The Office of Federal Contract Compliance Programs holds those who do business with the federal government – contractors and subcontractors – responsible for ensuring they do not discriminate on the basis of race, color, sex, sexual orientation, gender identity, religion, national origin, disability or status as a protected veteran. We also ensure that contractors fulfill their affirmative obligation to remove barriers to equal employment opportunity.
Today we’re taking an important step to strengthen OFCCP’s ability to investigate and remedy employment discrimination by proposing to modify a final rule created by the Trump administration.
The 2020 Rule Undermined OFCCP’s Ability to Remedy Workplace Discrimination
In 2020, the Trump administration published a final rule, effective Dec. 10, 2020, “Nondiscrimination Obligations of Federal Contractors and Subcontractors: Procedures to Resolve Potential Employment Discrimination.” The 2020 rule unduly constrained OFCCP’s broad enforcement discretion. Its imposition of formulaic proof standards to be applied to every case harms workers by undermining OFCCP’s ability to effectively bring the full range of cases within its authority and remove barriers to equal employment opportunity.
OFCCP investigates and remedies discrimination in the workplace, both in response to complaints from individuals or organizations and through neutrally scheduled compliance evaluations of federal contractors. During compliance evaluations, we obtain and analyze information about a contractor’s hiring, compensation, promotion and other processes to identify potential violations. Through these evaluations the agency can identify problems such as hiring and pay discrimination, which may often go unaddressed through a complaint process, because workers typically don’t know why they weren’t selected or what their colleagues are paid.
When we identify potential areas of noncompliance during a compliance evaluation, we provide the contractor with a Predetermination Notice describing preliminary indicators of discrimination and invite the contractor to respond, submit additional information, and clarify the issues before we determine whether violations occurred. If the parties are unable to resolve the matter, we will issue a Notice of Violation, which provides the contractor with an explanation of our findings of violations, along with an additional opportunity to respond and attempt to resolve the matter.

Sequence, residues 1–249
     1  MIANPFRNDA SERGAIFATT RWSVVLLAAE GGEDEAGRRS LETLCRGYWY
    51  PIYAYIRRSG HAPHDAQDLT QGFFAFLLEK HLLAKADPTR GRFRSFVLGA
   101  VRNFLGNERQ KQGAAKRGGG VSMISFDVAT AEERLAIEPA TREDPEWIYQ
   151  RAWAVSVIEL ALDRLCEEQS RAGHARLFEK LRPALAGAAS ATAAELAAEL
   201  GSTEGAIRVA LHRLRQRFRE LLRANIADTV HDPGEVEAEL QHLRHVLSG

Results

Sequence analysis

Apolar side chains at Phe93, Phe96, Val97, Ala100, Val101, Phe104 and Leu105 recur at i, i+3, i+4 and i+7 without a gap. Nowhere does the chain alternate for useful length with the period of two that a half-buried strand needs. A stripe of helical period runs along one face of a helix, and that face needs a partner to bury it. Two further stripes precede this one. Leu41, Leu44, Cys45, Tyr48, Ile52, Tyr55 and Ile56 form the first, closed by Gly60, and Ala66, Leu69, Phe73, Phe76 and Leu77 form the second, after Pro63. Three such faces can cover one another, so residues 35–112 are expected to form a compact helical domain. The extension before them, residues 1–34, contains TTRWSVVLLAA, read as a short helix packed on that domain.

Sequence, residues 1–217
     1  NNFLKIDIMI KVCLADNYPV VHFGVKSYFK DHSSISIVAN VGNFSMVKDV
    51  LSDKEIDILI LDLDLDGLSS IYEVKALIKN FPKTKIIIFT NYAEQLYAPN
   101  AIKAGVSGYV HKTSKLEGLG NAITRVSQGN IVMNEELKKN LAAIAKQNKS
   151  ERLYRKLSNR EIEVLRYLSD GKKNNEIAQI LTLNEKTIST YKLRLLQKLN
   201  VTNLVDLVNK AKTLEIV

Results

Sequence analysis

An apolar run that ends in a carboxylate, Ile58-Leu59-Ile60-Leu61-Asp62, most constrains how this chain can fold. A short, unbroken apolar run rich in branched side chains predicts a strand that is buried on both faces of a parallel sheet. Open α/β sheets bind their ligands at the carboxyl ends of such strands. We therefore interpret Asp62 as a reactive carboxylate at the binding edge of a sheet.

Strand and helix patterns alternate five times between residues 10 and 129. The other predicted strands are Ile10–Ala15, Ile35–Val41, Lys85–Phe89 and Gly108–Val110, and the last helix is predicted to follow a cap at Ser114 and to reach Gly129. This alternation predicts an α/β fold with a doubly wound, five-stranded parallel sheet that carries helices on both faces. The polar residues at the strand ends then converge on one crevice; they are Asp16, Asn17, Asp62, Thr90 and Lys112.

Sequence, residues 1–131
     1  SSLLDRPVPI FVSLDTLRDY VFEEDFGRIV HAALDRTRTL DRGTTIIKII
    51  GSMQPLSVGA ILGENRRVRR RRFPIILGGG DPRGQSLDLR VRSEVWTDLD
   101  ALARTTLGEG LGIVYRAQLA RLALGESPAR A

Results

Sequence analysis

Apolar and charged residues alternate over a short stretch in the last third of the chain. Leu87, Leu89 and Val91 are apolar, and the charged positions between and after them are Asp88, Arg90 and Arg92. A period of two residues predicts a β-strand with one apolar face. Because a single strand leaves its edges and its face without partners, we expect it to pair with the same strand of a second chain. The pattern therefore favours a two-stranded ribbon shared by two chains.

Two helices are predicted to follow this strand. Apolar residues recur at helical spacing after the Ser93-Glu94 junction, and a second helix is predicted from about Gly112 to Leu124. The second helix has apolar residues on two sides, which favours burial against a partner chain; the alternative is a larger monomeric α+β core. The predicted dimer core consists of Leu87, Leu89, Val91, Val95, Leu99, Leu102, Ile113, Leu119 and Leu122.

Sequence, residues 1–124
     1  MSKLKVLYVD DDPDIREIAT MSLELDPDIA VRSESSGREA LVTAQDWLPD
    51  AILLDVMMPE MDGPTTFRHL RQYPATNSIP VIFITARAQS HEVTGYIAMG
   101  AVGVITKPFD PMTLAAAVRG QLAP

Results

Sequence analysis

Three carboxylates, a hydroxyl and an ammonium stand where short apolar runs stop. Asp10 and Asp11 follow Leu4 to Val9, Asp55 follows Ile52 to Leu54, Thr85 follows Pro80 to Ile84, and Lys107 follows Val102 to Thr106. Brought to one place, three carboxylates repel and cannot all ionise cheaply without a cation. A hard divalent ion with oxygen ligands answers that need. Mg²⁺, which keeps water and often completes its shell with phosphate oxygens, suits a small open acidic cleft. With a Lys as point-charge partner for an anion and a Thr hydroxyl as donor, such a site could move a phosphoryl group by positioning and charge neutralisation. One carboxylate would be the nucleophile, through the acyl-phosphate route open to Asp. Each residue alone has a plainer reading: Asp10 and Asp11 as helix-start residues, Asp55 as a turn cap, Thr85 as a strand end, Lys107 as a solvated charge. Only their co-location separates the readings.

If the parties are still unable to reach a resolution, we will issue a Show Cause Notice, providing the contractor with a final opportunity to explain why this matter should not be referred for enforcement. Wherever possible, we work with the contractor to remedy the violations, provide back pay to affected workers, and require the contractor to adopt practices and procedures to prevent discrimination in the future.
In addition to requiring the use of the Predetermination Notice and the Notice of Violation, the 2020 rule imposed inflexible evidentiary requirements early in the compliance evaluation process and attempted to codify complex evidentiary definitions for “qualitative” and “quantitative” evidence and other standards. The rigid evidentiary standards and definitions imposed by the 2020 rule impede OFCCP’s ability to provide contractors with early notification of indicators of discrimination. They also unnecessarily divert agency and contractor resources away from addressing discrimination by giving rise to time-consuming disputes about the implementation of these heightened evidentiary standards.
The 2020 rule disadvantages workers by decreasing the number of contractors we can evaluate for compliance with equal opportunity laws, delaying the resolution of discrimination findings, and potentially leading to the disclosure of information from interviews with workers that may chill workers’ willingness to participate in OFCCP investigations.
Finally, the heightened standards in the 2020 rule impose different proof requirements for OFCCP enforcement that depart from Title VII caselaw and limit the agency’s ability to bring the full scope of cases under its authorities.
OFCCP’s Proposal Would Realign Our Procedures with Our Mission
OFCCP’s proposed rulemaking, “Pre-enforcement Notice and Conciliation Procedures,” would fix the problems created by the 2020 rule and realign our procedures with our mission.
Under the proposal, we would rescind the rigid evidentiary standards for providing employers with notice of discrimination concerns, while retaining the required use of the Predetermination Notice and the Notice of Violation, with modified procedures that allow the agency to consider the facts and circumstances of each case. The proposed rule would retain the regulatory language regarding early resolution, which provides that contractors may waive notice procedures to enter directly into a conciliation agreement.
The proposed modifications would restore flexibility to OFCCP’s pre-enforcement and conciliation procedures, promote efficiency in resolving cases, strengthen enforcement, and promote alignment of the standards governing OFCCP enforcement with Title VII of the Civil Rights Act.
Federal contractors employ approximately 20% of the workforce. OFCCP plays an important role in supporting a more equitable future for all workers. That’s especially critical now, as our nation strengthens our economy and makes substantial infrastructure investments that will create many new jobs on federal contracts.
The Federal Register will publish this notice on March 22, 2022. We will consider all comments submitted on the proposal during the comment period, which ends on April 21, 2022.
Jenny R. Yang is the director of the U.S. Department of Labor’s Office of Federal Contract Compliance Programs.